A Race, Rules and Runners
Every race has rules and runners or it wouldn’t be a race. One must meet the qualifying standards for the Boston Marathon in order to run. Likewise, in order to enter the race for eternal life, the qualifying standard is a relationship with Jesus Christ. From the moment we believe in Jesus Christ, our foretaste of heaven, and receive Him into our life as Savior and Lord, we enter the race. Each day thereafter, we run this race with our eyes on the prize of our glorious Lord and our heavenly home. “Similarly, anyone who competes as an athlete does not receive the victor’s crown except by competing according to the rules” (2 Tim. 2:5).
We choose to enter this race, and we can choose to exit. There are times when we may become exhausted, and to continue running seems overwhelmingly impossible. We may take a tumble along the way resulting in injury. We have a decision to make. Do we simply give up, quit, and forfeit our place, or do we refocus on the Prize because He’s worth it no matter what happens? “I press on toward the goal to win the prize for which God has called me heavenward in Christ Jesus” (Phil. 3:14).
Some people may leave one race and join another with the same qualifying standard. America has an abundance of churches who proclaim likeminded rules of the race. Experienced runners may grow tired of all the new runners entering the race requiring them to move over and adjust to new terrain. The race in their church has changed to attract and accommodate new runners thus altering the landscape. It becomes uncomfortable for veteran runners; they would rather run with people just like them than exert effort in welcoming new kids on the block. “After this I looked, and there before me was a great multitude that no one could count, from every nation, tribe, people and language, standing before the throne and before the Lamb. They were wearing white robes and were holding palm branches in their hands” (Rev. 7:9).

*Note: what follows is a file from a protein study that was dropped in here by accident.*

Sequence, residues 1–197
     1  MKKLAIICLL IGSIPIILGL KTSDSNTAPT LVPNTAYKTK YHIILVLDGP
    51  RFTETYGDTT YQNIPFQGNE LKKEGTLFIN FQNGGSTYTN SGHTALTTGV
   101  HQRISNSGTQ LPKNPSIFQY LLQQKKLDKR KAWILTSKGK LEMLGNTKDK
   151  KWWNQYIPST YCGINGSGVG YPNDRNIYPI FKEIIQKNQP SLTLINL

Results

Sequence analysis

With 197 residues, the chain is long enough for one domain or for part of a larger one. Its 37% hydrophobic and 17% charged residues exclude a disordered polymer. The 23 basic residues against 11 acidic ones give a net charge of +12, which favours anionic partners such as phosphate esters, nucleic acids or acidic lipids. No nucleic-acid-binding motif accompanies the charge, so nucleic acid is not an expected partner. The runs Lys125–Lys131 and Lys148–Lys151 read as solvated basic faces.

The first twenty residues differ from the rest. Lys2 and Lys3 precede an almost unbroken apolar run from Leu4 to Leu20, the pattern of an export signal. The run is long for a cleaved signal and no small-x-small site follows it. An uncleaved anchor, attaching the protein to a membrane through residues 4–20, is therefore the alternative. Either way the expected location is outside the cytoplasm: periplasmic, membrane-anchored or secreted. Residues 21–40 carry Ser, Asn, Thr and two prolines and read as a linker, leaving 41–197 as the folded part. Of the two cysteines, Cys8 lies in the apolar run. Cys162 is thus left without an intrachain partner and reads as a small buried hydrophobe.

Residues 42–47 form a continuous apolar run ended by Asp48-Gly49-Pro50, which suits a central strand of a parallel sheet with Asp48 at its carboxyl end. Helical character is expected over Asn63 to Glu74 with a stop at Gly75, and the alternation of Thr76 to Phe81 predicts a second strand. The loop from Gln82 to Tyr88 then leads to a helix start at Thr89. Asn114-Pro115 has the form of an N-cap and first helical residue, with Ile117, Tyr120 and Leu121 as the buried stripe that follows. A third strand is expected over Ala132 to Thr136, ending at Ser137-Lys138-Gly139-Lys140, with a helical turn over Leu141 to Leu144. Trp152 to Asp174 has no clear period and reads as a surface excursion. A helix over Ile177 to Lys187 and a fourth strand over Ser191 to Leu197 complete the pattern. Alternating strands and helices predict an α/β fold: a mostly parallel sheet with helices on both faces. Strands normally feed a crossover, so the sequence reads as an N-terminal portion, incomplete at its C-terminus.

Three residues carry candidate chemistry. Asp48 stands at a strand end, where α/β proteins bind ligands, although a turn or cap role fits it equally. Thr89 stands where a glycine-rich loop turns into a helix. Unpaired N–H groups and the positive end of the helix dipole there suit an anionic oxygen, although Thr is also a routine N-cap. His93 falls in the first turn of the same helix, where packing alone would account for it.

I wonder how many runners know each other of the many thousands who run in the Boston Marathon every year. Every runner is different from another, but they all have the same goal: finish the race. Those runners did not make the rules for the race, but they’re willing to abide by the rules in order to win. Each runner who completes the race will finish at a different time, but they will finish. Why can’t we just be thrilled with all those who enter the race?
So what if the face of the American church is changing! People are being saved, finding hope, learning the Bible, raising their children in church, and entering the race for eternal life! So what if we have to move over and make room and lay down those things that we’ve done the same way forever! Let’s rejoice because names are being written in the Lamb’s Book of Life! “I tell you that in the same way there will be more rejoicing in heaven over one sinner who repents that over ninety-nine righteous persons who do not need to repent” (Luke 15:7).
Remember this: The most important thing is not how you start but how you finish the race. Finish strong, and help others as they enter the race to finish strong as well. Everyone who finishes God’s race wins. “Do you not know that in a race all the runners run, but only one gets the prize? Run in such a way as to get the prize (1 Cor. 9:24).